For the last month or so I've been getting a huge amount of referal spam from what appears to be a Russian run botnet. These morons have latched on to one of my web pages and send Get requests with faked originating links which point back to Russian sex sites and drug sale sites. This is clearly from a botnet as the IP address of the originator keeps constantly changing. The behavior of the botnet program is interesting. The initial link was: /Computers/StateMachineHierarchy.html and I changed that filename to something else. Now, rather than getting just a Get request to the initial link, I get requests for: /StateMachineHierarchy.html which, of course, returns a 404.
That particular page was a minor aside to my 2000 era computers pages and I'll restore it when the botnet looks for other targets. Maybe if I get particularly energetic, and find the time, I'll find the locations of all the botnet machines and write a script to send emails to their ISP's regarding the infected machines on their networks. Why these Russian idiots are engaged in this referal spam is unknown. Looking through my weblogs indicates I've been the target of referal spam in the past and it's most annoying when the target is a large file which wastes my bandwidth. Right now all these idiots get back for their Get request is a 404. I do periodically look at where accesses to my webserver come from and what the most commonly requested pages are. I don't post a page with the most frequent referral sites which is what the referal spammers are hoping I'll do. In any event, I would filter the list to remove requests for non-existent web pages which also gets rid of other types of spam.
What disturbs me about this, and other attacks on my webserver and mailserver is that there are an increasing number of morons with access to computers. I miss the days when the internet was an anarchic but civilized place and it's totally different now that the criminals have moved in. Botnets are only possible if clueless users have no idea that their machines have been infected. The solution is not antiviral software but rather a knowledge of what is normal on ones computer. My personal anti-virus software is primarily wetware based supplemented with ProcessExplorer, WireShark, various file hex editor programs, TCPview, Process Monitor and Rootkit Revealer. I'll be fighting back against these morons although it's going to have to be via attacks on their proxies as they're likely safely isolated controlling their botnet from afar. The other option is to simply refuse all accesses from Russian and Chinese IP addresses although the botnet appears to be worldwide.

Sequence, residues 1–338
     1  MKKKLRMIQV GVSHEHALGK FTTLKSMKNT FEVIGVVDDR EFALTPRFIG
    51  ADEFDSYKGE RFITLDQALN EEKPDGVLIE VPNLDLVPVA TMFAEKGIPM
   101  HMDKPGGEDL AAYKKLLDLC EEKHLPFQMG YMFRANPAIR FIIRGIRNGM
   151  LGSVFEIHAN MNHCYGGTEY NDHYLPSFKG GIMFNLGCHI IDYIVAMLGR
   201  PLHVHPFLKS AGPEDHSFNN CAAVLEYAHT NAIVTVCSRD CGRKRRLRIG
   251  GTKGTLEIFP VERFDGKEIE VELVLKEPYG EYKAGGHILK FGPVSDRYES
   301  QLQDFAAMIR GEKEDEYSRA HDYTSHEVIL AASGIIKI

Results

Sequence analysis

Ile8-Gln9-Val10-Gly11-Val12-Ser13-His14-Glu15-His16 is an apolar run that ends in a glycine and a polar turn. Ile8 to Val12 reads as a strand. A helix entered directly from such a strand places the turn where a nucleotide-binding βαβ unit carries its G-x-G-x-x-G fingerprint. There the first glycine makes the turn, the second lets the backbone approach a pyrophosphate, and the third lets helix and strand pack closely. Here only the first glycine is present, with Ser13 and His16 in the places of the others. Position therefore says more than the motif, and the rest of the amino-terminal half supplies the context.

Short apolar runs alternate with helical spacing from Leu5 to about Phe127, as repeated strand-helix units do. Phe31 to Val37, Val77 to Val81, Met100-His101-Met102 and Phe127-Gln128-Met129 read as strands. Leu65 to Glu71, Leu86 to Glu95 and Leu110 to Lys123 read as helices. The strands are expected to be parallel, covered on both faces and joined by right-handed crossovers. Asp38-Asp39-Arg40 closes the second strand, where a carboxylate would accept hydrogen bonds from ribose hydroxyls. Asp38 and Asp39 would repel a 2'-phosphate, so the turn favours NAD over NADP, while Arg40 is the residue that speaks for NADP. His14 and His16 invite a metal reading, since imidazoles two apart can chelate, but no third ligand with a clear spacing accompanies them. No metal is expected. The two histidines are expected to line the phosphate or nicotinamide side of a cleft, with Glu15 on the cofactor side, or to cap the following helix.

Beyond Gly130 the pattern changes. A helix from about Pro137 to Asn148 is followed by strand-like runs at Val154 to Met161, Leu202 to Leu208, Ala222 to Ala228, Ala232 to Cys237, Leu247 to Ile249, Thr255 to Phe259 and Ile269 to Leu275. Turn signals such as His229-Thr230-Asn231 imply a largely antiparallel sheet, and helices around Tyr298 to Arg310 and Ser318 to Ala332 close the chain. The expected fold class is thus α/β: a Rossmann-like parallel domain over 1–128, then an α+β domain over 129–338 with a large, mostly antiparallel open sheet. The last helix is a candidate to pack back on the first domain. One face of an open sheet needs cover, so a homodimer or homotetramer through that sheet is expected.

Monday, July 04, 2011
Keeping track of electronics projects
One of the things I rarely get enough time for is electronics and, if medicine didn't pay so well, I'd work in the area again (at least until I got fed up with it and did something else). Still, it's something I really love doing. One of the problems I've found with my electronics projects is that I'll work on something for a weekend or two, get it partially working, and then leave it for 6 months. When I return to it I find that I haven't made any notes because everything seemed so obvious at the time and I essentially have to start over again. Then it occurred to me that I've got this great piece of software, Thingamablog, which can be used to store the information in a blog format.
There is a considerable difference in how I document stuff for when I think I'm the only person who's going to be looking at the documentation and when I document it for a project I've been asked to do by someone. In the former case, there might be a few quickly scribbled schematics and terse notes about unexpected things that happened but I still suffer from the delusion that if something is so clear in my head at the time I'm doing it, the clarity will return in months to years time. In the case of a project that I'm doing for someone else, I document obsessively as I hate being pestered with simple questions. This type of documentation I find personally much more usefull in the future when I return to the project. Hence, if I document anything I put on this blog in that manner, then I'll have produced documentation that will be much more likely to prevent me from rediscovering the same quirks about a circuit or program in the future. Also, as I'm not the only person with the same fascination for things electrical, then other people might benefit from my experiences. Hence, putting it out as a blog. I've lost track of the number of times that I've stumbled upon the solution to a problem that was perplexing me on someones personal web page after fruitless searches on the device manufacturers web site.
This blog will be updated intermittently and is basically whenever I get a chance to get away from medicine from a while and indulge in my lifes most long-lasting passion.